Community through illness can be valuable and I asked Ashley what that looks like for her. She admitted that she doesn’t know anyone else with high cholesterol her age. She joked, “I’m just a lone, high-cholesterol, person.”
I asked if the seriousness of her condition makes her anxious at times, especially without knowing others with the condition and she explained that it does, and on those days, she’s even more dedicated to sticking to her diet. And while she may not have a formal support group for others eating a plant based diet, she has found consolation in both beautiful and funny cookbooks like blogger Andrea Duclos’ “The Plantiful Table”, or the Thug Kitchen official cookbook.
Ashley hasn’t had her cholesterol checked since starting her nearly vegan diet, and admits that she should have had it rechecked this past December. But, there’s still a big component of her doctor’s recommendations that is missing - exercise. “She said that I need to be exercising... which I don’t do, I have a pretty sedentary life. So that’s something I need to work on. I mean, basically, I have heart disease if you think about it.” But Ashley explained that with her busy schedule, her time at home is mostly dedicated to resting - another important lifestyle modification for any chronic health condition.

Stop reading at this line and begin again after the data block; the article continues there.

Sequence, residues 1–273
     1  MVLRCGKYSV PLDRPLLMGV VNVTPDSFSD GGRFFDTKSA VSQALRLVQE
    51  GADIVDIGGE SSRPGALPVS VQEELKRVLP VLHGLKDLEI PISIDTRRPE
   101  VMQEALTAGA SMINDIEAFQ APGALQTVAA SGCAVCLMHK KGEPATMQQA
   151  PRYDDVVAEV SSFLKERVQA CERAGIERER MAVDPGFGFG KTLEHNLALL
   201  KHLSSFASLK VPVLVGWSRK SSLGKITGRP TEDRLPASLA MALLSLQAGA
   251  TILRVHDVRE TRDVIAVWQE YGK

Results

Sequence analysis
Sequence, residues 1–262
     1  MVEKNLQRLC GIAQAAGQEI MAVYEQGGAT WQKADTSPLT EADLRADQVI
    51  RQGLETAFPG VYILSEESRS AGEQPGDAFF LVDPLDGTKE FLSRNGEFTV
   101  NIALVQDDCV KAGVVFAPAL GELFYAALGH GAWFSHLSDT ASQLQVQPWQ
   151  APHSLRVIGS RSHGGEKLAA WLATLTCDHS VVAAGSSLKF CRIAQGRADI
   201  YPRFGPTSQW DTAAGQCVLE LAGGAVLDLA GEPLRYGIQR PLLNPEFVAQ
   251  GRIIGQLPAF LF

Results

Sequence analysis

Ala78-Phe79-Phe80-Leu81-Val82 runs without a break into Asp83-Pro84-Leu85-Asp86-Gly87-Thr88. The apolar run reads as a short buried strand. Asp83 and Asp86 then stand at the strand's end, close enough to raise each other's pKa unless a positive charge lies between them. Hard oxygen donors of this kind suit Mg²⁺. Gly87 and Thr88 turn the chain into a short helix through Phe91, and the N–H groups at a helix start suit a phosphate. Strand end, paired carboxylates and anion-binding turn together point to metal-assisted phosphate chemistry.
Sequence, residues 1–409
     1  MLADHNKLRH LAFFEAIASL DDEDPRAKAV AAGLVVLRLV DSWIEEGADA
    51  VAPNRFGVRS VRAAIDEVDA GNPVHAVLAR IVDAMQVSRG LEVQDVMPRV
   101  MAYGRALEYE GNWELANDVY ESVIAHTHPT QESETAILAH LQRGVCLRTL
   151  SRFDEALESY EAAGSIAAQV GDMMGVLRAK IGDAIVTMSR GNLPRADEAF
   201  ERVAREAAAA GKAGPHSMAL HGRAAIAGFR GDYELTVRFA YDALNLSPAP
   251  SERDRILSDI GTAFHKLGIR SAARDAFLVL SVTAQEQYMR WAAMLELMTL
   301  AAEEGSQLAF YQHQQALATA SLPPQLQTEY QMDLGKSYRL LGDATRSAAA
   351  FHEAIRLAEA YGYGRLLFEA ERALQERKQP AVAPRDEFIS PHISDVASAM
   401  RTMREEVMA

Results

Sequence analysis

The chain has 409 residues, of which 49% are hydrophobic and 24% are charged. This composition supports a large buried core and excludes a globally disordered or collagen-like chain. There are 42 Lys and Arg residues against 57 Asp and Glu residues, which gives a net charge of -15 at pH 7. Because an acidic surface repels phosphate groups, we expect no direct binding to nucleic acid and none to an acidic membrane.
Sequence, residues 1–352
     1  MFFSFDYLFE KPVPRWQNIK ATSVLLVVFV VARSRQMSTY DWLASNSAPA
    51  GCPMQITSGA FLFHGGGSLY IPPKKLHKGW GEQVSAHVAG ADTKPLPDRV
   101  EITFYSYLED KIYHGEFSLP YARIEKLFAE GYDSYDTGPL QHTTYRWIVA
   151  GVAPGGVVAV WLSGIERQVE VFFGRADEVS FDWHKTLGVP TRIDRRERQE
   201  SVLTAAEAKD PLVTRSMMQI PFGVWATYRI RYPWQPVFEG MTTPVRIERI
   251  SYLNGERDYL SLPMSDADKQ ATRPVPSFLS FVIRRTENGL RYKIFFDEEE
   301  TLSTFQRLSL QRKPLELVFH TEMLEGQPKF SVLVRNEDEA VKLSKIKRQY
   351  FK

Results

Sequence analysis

Having a silent disease can make it hard to stick with these large lifestyle modifications - after all, there is no immediate punishment for eating the wrong foods - but Ashley is dedicated to maintaining her future health... only, with a beer or two along the way.
Ashley Rose Hamilton is a wedding and portrait photographer, and hand letterer living in Albuquerque, NM. Originally from Southern California, Ashley moved to New Mexico when she was nineteen. Soon after, she was presented with the opportunity to travel the country as a music photographer with Vans Warped Tour. That was just the start of Ashley's photography career, though, and she is now the co-owner of Lola + Rose Wedding Photographers, and the boss babe behind Ashley Rose Halmiton Photography.